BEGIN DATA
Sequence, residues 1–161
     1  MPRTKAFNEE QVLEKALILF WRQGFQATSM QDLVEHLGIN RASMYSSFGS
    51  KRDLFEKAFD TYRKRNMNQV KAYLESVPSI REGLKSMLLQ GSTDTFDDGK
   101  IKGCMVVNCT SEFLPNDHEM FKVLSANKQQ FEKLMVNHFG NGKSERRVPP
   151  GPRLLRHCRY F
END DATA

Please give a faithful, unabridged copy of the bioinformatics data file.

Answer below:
Sequence, residues 1–161
     1  MPRTKAFNEE QVLEKALILF WRQGFQATSM QDLVEHLGIN RASMYSSFGS
    51  KRDLFEKAFD TYRKRNMNQV KAYLESVPSI REGLKSMLLQ GSTDTFDDGK
   101  IKGCMVVNCT SEFLPNDHEM FKVLSANKQQ FEKLMVNHFG NGKSERRVPP
   151  GPRLLRHCRY F